Luckily for me and all my friends who are also American accidents, there was the political will in the United States to help people like us. Or, in the case of my friends whose grandparents made it out of 1930s Europe, they are lucky that the lack of political will here didn’t doom them. For the refugees from Syria, Libya, Iraq, and Afghanistan, luck and political will in some other country are also the difference between death and a life that is a happy accident. The luck of the waves hitting this way and not that way; the political will of a German chancellor who may remember life under authoritarianism.

Be wary of people who put on a wise face and point to bureaucratic bottlenecks or congressional gridlock or election seasons or refugee quotas as a reason for saying the United States can’t take in more refugees. Be careful of people who say this is Europe’s problem, or the Middle East’s problem — anyone’s problem but ours. They are the people who stand in the way of luck, of life-saving luck, who want you to think that a piece of paper is the adequate riposte to stupid, avoidable death — and to your conscience.

Taking in refugees is an expressly political act, and it is one that can often be done with executive action. When American presidents have wanted to, they have pushed all those bottlenecks aside to allow in tens of thousands of Cubans, Hungarians, Vietnamese, Koreans, Nicaraguans, Bosnians, and many, many others. When America wants to, it has opened its doors to tens of thousands of refugees — people like me who had the unhappy luck to be born in a place gone bad — and absorbed them effortlessly. That is what America does, sparingly but well.

In fact, you are likely the descendant of one of them yourself: people fleeing a potato famine or political unrest in 19th-century Europe, pogroms in the Russian empire, war in Asia, or genocide in Africa. In fact, you, like me, are the descendant of something far less grave than what Syrians are fleeing today. Our politicians crow about how America is the best country in the history of the world, but if Germany can learn from its history and find a way to suddenly throw open its borders and literally sing refugees a welcome, why can’t we?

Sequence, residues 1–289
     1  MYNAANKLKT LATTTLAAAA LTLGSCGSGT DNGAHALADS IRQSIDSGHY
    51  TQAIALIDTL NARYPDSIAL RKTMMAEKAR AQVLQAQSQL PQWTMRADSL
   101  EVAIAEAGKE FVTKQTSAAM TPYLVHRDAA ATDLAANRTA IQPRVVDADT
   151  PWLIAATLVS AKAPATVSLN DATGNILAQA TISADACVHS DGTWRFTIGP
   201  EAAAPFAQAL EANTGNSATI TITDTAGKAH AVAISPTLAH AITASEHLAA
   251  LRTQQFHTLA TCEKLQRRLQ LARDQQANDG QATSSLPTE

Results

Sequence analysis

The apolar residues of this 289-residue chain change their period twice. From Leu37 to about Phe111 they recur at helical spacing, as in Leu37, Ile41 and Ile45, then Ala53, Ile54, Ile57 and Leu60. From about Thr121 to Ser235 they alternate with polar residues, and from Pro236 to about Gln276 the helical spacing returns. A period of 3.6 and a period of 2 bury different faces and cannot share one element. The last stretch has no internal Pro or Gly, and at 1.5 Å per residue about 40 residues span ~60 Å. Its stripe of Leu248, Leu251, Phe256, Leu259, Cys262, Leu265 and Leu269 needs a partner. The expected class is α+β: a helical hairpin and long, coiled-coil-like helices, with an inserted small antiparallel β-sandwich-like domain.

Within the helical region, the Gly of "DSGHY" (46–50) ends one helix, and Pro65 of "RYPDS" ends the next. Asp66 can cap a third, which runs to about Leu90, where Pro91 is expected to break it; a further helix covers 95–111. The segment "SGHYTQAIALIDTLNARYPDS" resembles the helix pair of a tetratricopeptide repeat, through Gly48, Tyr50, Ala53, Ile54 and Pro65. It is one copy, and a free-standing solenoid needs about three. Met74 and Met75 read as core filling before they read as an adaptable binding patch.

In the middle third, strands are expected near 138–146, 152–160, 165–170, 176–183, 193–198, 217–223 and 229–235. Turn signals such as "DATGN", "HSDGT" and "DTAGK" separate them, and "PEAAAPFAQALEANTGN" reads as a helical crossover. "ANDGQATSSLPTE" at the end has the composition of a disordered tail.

If Obama has a bucket list, why isn’t this on it?

Twenty-five years ago, I was 7 years old. I got on a plane in Moscow and landed at Dulles International Airport, where my parents filled out refugee cards that we have kept to this day. They may have waited in lines in Moscow and filled out paperwork, but they did not have to pay smugglers, they did not have to get in an inflatable dinghy, they did not have to sleep on the floors of train stations, or walk hundreds of miles toward a new and safer life. They got on a nice, clean plane, and, within 10 or so hours, they were in America, where they have become two of the most American Americans I have ever met. They work hard, pay their taxes, and appreciate this country in a way that many native-born Americans just cannot fathom — simply because they know that their life could have had an alternative path.

My parents, my sister, and me, we find a certain heady, surreal happiness here because we know that this life we have here — it is all a happy accident, and a dream. And yet it is not an accident. Political forces in America changed our reality, as they have for many other refugees. Where are those forces now?

Photo credit: Dan Kitwood/Getty Images

Julia Ioffe is a contributing writer to Politico Magazine and Huffington Post's Highline. She was a senior editor at the New Republic and was the Moscow correspondent for Foreign Policy and the New Yorker from 2009 to 2012.